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The disturbing world of teacher/student “romance”
Apparently Law & Order isn’t the only television show ripping plotlines from the headlines – the last new episode of Gossip Girl featured Dan (aka “Lonely Boy”) getting down with Constance Billard’s young, cute, new English teacher. Though I love it, GG‘s strong suit has never been reality, so this twist just provoked a lot of eye-rolling from my sofa. Until I remembered that misguided teacher/student romances do happen, far too often.
Parents in Bountiful, Utah, were stunned upon last week’s revelation that two teachers at the town’s junior high school were carrying on separate affairs with the same 13-year-old boy! The story came to light after 46-year-old history teacher Lisa Nef went to authorities and confessed to having a sexual relationship with the child. She shared that another teacher, Valynne Bowers, 39, was also sleeping with the boy.
Another recent case is that of 24-year-old teacher Lisa Lavoie and a 15-year-old male student, in Holyoke, Massachusetts. Lavoie and the boy took off after the student’s parents reported something suspicious about the pair’s relationship. The two went on a week-long road trip that stretched from New England down to West Virginia, where the pair was taken into custody. She faces charges of kidnapping and seducing a minor and is on administrative leave from her school, while the boy is in the custody of the Department of Social Services, which plans to move him to another school district.
The most notorious student/teacher assignation has to be that of Mary Kay LeTourneau and the young boy she later married. These two first got together in 1997 when Mary Kay was 34 and her victim was only 13! Two babies and a lot of jail time later, the two are married and live in a suburb outside of Seattle. Along the way they co-wrote a book about their relationship and sold the photo rights to their wedding to Entertainment Tonight.
It’s also important to remember that while the cases with female perpetrators are far more likely to make the news, though men make up only 15 percent of the teaching profession, they are responsible for two-thirds of the sexual abuse perpetrated on students. Somehow I doubt ET would be buying the wedding rights if the teacher was male, yet for some reason, female teachers often get a pass – and not just in the court of public opinion. When 43-year-old Pamela Diehl-Moore pled guilty to seducing a 13-year-old in her class, the judge assigned to her case said, “I do not believe she is a sexual predator. It’s just something between two people that clicked beyond the teacher-student relationship.” Ew.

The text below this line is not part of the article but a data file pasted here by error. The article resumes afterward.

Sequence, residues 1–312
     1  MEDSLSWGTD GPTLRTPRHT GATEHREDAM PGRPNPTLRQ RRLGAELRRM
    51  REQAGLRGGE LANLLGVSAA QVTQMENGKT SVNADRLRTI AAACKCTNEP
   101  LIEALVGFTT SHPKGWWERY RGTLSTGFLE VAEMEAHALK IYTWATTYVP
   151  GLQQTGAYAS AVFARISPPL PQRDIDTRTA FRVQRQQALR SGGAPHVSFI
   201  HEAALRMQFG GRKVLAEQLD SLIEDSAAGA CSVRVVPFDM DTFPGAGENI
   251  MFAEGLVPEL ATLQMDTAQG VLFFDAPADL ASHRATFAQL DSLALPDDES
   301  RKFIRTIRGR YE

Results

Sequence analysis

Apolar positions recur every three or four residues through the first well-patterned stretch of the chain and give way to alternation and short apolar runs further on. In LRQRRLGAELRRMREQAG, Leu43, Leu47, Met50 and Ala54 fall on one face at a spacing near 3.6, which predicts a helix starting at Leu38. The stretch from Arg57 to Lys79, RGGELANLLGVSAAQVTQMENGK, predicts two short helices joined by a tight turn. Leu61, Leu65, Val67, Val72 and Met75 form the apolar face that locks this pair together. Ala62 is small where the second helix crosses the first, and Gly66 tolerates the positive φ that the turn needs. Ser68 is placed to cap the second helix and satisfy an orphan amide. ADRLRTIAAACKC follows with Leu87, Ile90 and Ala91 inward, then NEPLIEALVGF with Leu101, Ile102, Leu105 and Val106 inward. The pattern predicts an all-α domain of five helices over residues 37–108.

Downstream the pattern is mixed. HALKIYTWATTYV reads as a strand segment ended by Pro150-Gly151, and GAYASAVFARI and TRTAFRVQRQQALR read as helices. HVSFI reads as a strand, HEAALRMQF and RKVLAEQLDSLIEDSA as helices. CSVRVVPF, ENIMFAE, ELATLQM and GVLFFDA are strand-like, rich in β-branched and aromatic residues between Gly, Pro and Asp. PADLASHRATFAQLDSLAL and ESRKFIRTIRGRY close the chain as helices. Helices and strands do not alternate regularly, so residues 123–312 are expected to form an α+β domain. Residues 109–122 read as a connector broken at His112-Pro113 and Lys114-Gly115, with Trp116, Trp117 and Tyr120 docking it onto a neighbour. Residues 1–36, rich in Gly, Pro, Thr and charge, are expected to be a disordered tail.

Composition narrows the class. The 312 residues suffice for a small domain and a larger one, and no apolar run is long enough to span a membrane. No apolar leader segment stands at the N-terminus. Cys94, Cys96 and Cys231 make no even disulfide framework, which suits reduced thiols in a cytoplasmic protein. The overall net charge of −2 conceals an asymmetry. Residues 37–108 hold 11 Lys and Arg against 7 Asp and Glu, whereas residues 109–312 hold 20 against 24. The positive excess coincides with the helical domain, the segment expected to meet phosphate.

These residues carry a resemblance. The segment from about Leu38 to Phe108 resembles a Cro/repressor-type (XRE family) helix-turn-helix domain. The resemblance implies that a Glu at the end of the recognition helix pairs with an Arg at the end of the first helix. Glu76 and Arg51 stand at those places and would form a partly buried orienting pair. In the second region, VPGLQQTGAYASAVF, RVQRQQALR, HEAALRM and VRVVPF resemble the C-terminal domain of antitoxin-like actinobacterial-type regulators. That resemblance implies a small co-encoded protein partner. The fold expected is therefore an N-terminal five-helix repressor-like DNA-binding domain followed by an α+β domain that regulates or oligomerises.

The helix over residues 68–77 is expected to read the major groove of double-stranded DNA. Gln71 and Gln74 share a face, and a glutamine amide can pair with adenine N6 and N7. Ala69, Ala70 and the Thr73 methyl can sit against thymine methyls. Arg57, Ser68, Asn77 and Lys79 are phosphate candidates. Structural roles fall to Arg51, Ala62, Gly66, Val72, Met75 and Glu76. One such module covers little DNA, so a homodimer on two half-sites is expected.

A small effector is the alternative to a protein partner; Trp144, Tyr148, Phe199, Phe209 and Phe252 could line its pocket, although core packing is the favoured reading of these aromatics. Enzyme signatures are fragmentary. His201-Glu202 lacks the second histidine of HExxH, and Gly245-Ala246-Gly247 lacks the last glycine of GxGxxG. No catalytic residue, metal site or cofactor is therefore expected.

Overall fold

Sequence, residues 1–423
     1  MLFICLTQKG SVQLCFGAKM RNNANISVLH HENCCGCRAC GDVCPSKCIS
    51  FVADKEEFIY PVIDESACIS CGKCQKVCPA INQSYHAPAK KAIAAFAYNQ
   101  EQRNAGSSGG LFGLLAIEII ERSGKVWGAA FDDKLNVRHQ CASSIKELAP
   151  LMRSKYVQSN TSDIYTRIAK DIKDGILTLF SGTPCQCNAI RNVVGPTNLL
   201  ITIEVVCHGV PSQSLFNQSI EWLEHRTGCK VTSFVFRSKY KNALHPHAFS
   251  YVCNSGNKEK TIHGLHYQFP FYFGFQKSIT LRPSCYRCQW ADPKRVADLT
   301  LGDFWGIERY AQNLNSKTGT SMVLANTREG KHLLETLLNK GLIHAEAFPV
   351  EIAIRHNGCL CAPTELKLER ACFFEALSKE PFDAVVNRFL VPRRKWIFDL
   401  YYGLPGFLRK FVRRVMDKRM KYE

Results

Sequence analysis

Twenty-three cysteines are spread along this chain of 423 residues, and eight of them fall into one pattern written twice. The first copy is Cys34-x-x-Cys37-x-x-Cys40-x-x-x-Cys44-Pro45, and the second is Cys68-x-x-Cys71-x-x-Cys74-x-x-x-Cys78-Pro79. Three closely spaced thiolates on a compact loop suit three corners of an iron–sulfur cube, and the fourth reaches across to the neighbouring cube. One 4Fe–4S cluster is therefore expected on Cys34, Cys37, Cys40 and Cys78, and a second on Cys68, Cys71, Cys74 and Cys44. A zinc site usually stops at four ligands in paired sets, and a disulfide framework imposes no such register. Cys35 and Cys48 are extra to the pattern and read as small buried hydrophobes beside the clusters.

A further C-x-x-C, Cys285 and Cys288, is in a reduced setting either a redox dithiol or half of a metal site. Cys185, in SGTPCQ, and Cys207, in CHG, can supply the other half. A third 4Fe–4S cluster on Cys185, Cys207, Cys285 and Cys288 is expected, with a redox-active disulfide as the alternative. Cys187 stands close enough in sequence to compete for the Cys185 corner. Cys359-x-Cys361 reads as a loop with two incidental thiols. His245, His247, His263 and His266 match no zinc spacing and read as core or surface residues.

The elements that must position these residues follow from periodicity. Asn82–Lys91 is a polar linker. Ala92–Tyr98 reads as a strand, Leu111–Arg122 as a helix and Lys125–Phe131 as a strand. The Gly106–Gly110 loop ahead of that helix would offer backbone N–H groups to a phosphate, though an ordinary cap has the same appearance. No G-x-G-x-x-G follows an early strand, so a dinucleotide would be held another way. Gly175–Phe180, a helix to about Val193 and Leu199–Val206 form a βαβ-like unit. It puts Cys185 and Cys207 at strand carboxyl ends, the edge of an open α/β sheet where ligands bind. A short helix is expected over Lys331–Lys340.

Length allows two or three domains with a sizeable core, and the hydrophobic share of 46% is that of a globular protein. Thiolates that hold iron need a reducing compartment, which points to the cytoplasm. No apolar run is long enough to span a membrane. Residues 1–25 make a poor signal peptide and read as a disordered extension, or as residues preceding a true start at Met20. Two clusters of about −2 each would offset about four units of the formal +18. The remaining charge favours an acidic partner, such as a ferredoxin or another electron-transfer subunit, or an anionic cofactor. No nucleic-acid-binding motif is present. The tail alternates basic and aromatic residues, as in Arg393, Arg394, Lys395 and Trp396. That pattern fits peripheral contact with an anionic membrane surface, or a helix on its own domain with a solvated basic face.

These stories – especially when the teacher is good looking, like Debra LaFave, an ex-model who slept with a 14-year-old student – tend to get more of a wink-wink, nudge-nudge reaction from the public, turning up as jokes in late-night talk shows and laughed off by pretty much everyone except the victim and his family.
Conversely, the outrage is palpable when you hear of a male teacher seducing a female student. It’s no longer dubbed a “romance,” but tends to be classified more along the lines of sexual abuse. Same-sex assignations are punished even more harshly. When 28-year-old High School teacher Erica Umosella was caught romancing a 17-year-old female student, she was charged with first-degree aggravated sexual assault, among other charges. Contrast that with LaFave, who was charged with the far less serious statutory rape, even though Umosella’s student was above New Jersey’s age of consent (though because of the unfair power-balance, this rule is negated) and LaFave’s was well under.
According to an article in Reason magazine, in “1993 in Virginia, a male teacher who had sex with three teenage female students was sentenced to 26 years in prison – while the next day, a female swimming coach who had an ‘affair’ with an 11-year-old boy and sexual encounters with two others got 30 days.
Who’s to say that these male victims aren’t just as affected as their female counterparts? Rolling Stone did an excellent article about a 15-year-old student who got involved with a cute young gym teacher. When the gym teacher left him for a more age-appropriate football coach, the young man pretty much self-destructed. His promising athletic career derailed. He became an outcast in his hometown. Now 21, he still lives at home with his parents while the woman who molested him was fined $225 and pled guilty to a single charge of “offensive touching.”
An Edmonton, Alberta student/teacher affair in 2006 ended even more horribly, with the student killing himself after being confronted by his teacher’s husband. These devastating outcomes aren’t an aberration either. According to the National Center for Post-Traumatic Stress Disorders, male victims of sexual abuse are more likely to suffer from emotional disorders, substance abuse, incontinence, and risk-taking behavior.
I’d go so far as to say that male victims may have a harder time recovering from sexual abuse than female victims do, because society puts such pressure on them to be sex-obsessed and looks down on them as less-than-manly if they voice a complaint about predatory women.